Assistant Adversity

Student Worker

I'm a grad student working on a computer project for a professor.  I got wrist strain from typing so much. Who pays for this?

With the cost of tuition rising, students have greater debt than ever before. Working at college can supplement your income, however there can be legal implications if you are injured or get ill.

Students working on research projects or as teaching assistants come under the National Labor Relations Act of 1935. A number of legal rulings for the rights of student workers were made in recent years, culminating in August 2016. It was decided that colleges and universities must consider student workers as employees. With that comes additional liabilities and responsibilities for compensation for the college.

Many universities have argued that carrying out research is an educational, not economic, relationship with their students. Students counterargued they are essentially employees, so should be afforded the same rights. Scholarships, health insurance, and stipends may be offered, but coverage is limited and pay is usually low. Being classified as employees means that students can now bargain for larger stipends and better health coverage and benefits.

Private institutions of education now come under National Labor Relations Board’s jurisdiction. However, there is an exemption for public colleges. State laws do cover working students at public colleges, and they are considered as employees and subject to the relevant labor legislation.

Following last year’s NRLB ruling, a number of rights and benefits are now open to students. You now have the right to join a union and the right to financial benefits such as workers’ compensation. Employers, in this case the college, must also provide safe working conditions.

Universities now have the recordkeeping burden to provide payroll information to insurers to determine workers’ compensation premiums. Details should include pay rates if students are compensated and the number of students working on campus. Premiums can also be calculated using student housing subsidies and other benefits they may be receiving.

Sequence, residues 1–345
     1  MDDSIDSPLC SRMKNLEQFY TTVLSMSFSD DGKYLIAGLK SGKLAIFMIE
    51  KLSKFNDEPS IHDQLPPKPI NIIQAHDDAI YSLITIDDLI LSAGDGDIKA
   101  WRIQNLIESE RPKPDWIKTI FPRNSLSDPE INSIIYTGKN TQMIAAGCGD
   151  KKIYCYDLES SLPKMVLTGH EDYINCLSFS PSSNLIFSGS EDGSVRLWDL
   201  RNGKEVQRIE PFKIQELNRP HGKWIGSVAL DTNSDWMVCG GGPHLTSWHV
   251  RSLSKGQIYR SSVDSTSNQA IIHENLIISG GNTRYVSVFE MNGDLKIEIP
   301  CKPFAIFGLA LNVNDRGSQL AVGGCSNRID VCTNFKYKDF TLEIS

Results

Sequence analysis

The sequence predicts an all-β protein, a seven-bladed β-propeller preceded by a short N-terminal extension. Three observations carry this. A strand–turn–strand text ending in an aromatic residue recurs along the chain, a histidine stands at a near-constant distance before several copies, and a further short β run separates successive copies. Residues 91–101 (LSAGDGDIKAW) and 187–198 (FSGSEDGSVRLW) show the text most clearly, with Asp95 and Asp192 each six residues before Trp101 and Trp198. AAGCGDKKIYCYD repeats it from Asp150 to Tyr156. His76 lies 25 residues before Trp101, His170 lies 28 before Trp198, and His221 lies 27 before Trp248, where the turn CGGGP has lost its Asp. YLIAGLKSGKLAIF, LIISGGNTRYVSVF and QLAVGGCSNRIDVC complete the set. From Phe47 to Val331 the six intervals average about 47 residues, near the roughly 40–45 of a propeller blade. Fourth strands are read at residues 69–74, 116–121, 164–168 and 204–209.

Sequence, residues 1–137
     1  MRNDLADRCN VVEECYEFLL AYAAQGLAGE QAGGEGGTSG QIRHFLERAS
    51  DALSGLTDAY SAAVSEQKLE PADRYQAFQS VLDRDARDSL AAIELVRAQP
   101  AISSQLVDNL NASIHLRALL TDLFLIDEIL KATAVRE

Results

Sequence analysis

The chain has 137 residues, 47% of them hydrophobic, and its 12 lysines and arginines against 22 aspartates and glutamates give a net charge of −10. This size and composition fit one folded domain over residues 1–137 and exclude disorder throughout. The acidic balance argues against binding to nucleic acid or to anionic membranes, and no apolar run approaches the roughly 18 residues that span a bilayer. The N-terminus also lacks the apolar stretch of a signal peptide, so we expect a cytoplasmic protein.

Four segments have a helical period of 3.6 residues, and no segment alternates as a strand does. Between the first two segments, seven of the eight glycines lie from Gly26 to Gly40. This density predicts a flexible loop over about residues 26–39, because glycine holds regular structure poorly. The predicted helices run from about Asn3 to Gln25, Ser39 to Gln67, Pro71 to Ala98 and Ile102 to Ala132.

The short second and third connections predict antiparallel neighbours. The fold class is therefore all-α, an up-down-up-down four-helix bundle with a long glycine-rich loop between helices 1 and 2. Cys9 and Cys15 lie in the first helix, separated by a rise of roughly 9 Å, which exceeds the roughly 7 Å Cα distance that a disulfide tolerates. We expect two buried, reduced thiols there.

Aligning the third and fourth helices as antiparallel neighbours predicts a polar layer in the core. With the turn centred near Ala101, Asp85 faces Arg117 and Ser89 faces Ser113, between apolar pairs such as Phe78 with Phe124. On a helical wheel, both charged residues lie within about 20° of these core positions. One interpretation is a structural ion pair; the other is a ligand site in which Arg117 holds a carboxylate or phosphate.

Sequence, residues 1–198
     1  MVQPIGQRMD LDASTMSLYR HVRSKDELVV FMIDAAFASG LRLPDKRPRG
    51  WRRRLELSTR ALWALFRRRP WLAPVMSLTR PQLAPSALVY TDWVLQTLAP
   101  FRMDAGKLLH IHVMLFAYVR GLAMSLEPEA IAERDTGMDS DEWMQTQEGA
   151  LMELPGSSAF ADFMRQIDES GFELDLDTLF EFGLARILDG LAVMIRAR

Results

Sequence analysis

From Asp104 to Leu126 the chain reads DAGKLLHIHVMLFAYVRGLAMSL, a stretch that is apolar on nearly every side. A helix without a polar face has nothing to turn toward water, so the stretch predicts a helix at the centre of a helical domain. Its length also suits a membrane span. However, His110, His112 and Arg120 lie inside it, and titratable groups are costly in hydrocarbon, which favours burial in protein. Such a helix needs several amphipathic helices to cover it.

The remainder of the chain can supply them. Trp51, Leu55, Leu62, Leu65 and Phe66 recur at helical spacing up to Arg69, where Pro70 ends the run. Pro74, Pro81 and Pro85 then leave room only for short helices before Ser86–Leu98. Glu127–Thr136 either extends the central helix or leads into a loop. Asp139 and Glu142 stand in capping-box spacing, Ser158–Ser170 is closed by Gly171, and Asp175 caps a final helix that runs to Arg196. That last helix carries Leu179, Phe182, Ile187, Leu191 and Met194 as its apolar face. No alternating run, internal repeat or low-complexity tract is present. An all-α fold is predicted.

The ruling has also extended safety training for students, including provision of specialized work clothing. Most colleges already provide this if students are working in hazardous areas such as laboratories. With colleges morphing into workplaces, administration now has to carry out incident reporting, preparations for emergency situations, campus safety regulations, and office ergonomics. Many of the labor laws governing violence and discrimination in the workplace now apply to students working at college.

Injuries such as your wrist strain could be covered by workers’ compensation. Repetitive strain injury or carpal tunnel can be caused by excessive typing and bad posture. It's a recognized workplace hazard and is covered under worker’s comp, providing that it has been caused or aggravated by working conditions.

Where trade unions are most firmly organized, there are the rights of the people most respected - Samuel Gompers.

(Martin J. Young is a former correspondent of Asia Times).

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